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A Famous Stone Wall

A Famous Stone Wall image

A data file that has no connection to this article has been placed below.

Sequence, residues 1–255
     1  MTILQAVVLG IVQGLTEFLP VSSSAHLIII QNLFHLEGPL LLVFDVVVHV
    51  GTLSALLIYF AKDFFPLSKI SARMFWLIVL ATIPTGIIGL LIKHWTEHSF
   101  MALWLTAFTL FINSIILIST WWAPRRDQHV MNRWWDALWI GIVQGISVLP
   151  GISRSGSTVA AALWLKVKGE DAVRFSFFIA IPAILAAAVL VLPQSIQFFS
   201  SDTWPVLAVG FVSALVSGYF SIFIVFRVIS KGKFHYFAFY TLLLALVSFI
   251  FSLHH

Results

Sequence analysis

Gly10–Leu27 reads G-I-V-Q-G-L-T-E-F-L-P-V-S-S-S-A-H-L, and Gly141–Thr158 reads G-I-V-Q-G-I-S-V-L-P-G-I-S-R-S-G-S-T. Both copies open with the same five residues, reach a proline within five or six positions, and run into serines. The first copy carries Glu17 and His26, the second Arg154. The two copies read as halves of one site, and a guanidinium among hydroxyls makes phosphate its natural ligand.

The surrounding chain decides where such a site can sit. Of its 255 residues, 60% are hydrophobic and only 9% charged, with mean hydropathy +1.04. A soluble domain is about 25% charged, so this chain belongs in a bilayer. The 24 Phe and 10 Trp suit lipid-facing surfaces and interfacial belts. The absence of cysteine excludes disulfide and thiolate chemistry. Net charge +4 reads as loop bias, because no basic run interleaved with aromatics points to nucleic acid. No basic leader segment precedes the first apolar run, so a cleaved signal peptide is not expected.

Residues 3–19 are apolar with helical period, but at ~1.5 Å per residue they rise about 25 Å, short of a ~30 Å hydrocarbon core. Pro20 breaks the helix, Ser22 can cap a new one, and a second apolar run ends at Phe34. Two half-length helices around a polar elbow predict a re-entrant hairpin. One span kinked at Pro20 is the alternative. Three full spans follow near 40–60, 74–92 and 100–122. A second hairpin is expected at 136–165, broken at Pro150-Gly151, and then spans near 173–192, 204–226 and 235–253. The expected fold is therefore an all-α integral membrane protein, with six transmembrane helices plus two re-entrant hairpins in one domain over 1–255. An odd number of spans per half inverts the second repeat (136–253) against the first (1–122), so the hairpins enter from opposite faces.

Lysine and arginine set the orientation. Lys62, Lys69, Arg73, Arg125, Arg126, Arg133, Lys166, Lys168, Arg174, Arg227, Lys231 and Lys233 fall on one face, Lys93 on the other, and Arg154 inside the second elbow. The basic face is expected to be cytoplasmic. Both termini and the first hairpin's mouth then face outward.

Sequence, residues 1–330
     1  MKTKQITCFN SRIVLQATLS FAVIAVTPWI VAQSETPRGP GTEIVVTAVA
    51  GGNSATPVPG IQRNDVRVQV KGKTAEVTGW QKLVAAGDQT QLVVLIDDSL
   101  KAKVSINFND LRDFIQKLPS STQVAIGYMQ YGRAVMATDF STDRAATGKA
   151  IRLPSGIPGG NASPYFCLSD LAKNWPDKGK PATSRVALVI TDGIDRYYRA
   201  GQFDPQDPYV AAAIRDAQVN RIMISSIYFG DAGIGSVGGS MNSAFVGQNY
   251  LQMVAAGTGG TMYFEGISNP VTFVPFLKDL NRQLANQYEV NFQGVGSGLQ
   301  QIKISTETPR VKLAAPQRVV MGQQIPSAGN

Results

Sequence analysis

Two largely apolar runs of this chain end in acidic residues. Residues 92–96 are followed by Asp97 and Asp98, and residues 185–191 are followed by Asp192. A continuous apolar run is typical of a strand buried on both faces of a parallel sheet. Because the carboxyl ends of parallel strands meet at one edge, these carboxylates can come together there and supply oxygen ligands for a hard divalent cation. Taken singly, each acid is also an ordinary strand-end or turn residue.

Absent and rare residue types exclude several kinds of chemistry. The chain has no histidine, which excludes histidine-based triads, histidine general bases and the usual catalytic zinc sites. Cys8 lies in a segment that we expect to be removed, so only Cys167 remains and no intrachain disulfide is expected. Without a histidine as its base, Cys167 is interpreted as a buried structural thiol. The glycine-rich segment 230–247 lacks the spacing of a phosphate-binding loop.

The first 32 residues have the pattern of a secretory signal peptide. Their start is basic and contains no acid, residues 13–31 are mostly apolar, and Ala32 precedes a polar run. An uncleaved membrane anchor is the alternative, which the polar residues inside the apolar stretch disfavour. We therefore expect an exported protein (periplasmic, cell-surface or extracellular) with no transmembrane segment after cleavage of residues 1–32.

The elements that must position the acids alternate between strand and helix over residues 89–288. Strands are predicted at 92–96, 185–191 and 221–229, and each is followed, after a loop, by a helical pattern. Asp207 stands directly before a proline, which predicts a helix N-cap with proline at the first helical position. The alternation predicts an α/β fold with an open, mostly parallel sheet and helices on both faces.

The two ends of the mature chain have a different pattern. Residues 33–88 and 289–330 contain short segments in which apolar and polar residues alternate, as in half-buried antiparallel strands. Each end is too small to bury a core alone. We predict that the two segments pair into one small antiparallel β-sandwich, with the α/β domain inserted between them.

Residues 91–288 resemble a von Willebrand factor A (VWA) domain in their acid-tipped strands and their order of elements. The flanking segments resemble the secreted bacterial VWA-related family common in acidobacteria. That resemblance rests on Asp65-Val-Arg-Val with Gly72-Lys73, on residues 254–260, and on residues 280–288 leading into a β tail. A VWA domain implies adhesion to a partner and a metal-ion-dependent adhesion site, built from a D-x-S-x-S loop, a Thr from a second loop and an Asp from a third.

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lñe Kev. benjamin L. Agnew, pasj tor of the Bethlehem Presbyterian i church, córner liroad and Diamond j streets, recently mentioned a fact ' which may be kuown to few, and will ; be of interest to many, says the New i York Press. "Fifty yoars bef ore the war," he I said, "my father. Smith Agnew, lived with his stepfather, the Kev. Dr. Dobbins, in the stone house on the Baltimore pike, a short distance below Gettysburg. At that time he was a lad of seventeen years. Ha took entire charge of the farm, which in some sections was very stony. One day the thought struck him that these stones could be utüized by gathering them and building with them a stone wall. He enlisted the services of a negó who resided in the vicinity, and together thay hauled the etone to the place selected and built the oelebrated stone wall whose name will exist while history lasts." Younff Agnew built his wall with great care, usíjrj large flat stones as binders and fuiing in with smaller ones. littla dreanaing at that time what an important place that wall would occupy in the greatest battle of modern times. It was here that General Pickett's división, headed by his val! iant Virginian, made its memorable charge, and although it was thrown into confusión by the nanking fire of Standard's Vermonters and Doubleday'a división, still pressed forward and at last succeeded in planting a I Confedérate ñag on this wall, only, however, to be driven back with the loss of nearly three-quarters of its number by the Sixty-ninth, Seventyfirst and Seventy-second l'ennsylvania volunteers under General Hancock. After peace had been proclaimed Mr. Agr.ew visited the old homestead and found the old stone-wall standing in almost as good condition as when it had been built